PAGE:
To be a feminist activist means that when all of the signs seem to point to the fact that the whole world is against you, you keep going. To be a feminist activist means that even when you’re knocked down repeatedly, you get back up and try again. To be a feminist activist means that when your voice is silenced, you speak louder or find another way to get yourself heard.
You see, if feminists were all negative and pessimistic, if we were all buzzkills and killjoys, the movement would cease to exist. The feminist movement is made up of some of the most wonderfully optimistic people you’ll ever meet. While anger and injustice may be the catalysts for our beliefs, if we felt the fight was futile, we wouldn’t take it on day after day. What else but optimism would explain our resilience and our unmatched ability to keep fighting for things that will make the world better, safer, and more equal for everyone? What else but optimism would explain our ability to keep trying to make a difference even when our efforts seem to be in vain?
So when I say I’m a feminist, what I’m also saying is that I’m steadfastly optimistic that we can make the world a better place. I’d have given up long ago if I didn’t. And if that’s your idea of a killjoy, well then I guess that’s what I am. I’d rather be a feminist killjoy any day than someone who’s resigned to the fact that there’s nothing we can do to fight the injustices that we face on a daily basis.
It’s easy to look at something like Monáe’s mythos and see only the obvious metaphors. Her android’s struggle for the freedom to love after all paralells the struggle of American slave women to marry legally, to keep their children, to control their very bodies, in a system that cruelly commodified these activities. But it’s wrong only to apply an historical, and racial, lens to the work of any modern black woman. We have spent generations sharing the struggles of other opressed groups, collaborating with and occasionally being betrayed by them, and progressing nonetheless. We’re the ones who (literally) wrote the book on intersectionality. And it’s clear that Janelle Monáe feels no sense of threat from the others with whom our future will be shared. She welcomes, after all, with love and dancing.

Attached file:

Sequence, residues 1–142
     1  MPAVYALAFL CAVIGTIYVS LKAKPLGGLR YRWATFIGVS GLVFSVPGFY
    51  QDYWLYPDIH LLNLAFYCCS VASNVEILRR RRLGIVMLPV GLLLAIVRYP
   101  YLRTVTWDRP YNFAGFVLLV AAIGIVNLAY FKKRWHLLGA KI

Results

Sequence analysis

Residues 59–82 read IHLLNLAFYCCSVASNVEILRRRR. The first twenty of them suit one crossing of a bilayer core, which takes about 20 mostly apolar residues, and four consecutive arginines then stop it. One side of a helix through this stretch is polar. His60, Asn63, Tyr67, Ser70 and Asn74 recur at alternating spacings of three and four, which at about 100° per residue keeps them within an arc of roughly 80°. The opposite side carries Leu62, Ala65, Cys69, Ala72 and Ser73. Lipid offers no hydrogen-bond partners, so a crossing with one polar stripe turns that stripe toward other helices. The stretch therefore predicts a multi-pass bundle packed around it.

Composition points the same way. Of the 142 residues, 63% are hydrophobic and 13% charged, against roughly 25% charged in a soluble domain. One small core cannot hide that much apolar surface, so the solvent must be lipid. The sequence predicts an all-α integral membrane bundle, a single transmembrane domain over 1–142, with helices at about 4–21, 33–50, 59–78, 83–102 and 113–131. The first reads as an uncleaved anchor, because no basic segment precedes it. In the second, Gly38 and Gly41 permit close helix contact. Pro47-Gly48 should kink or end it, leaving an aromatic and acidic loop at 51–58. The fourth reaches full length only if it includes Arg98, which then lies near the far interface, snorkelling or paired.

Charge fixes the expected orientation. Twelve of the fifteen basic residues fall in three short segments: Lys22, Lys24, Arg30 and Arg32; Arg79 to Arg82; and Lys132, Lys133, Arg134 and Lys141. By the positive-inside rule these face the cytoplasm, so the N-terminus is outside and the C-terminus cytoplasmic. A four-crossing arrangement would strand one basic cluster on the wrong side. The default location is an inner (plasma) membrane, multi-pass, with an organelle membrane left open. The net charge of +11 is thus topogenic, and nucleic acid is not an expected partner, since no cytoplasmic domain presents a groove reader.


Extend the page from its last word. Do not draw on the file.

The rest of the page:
And yet. When I watch her videos and listen to her lyrics I’m SHOCKED to see so much of myself in this ultra-technological future - despite my own writings, despite my own knowledge that black history and myth abounds with techies and innovators, despite my LIFE and my long-held desire to see this very thing. It’s not Monáe’s ability to imagine an inclusive future that’s remarkable, but my subconcious resistance. What the hell is wrong with me, that her vision feels so strange?
Too many years of ‘The Jetsons’, maybe. Too many white-supremacist Medieval Europes. I’ve spent years swallowing these bizarro world versions of humanity, and they have become a toxin poisoning my imagination. But Janelle Monáe is a tiny, fast-footed, pompadour’d antidote to all of that.
"How Long ‘Till Black Future Month?: The Toxins Of Speculative Fiction, and the Antidote that is Janelle Monáe", N.K. Jemisin, published in "Adventure Rocketship #1: Let’s All Go To The Science Fiction Disco" (via reifferschizzle)
N.K. Jemisin and Janelle Monáe are both so utterly amazing so this is really everything for me right now.(via mylifeistelevision)
Sarah Schulman (via odofemi)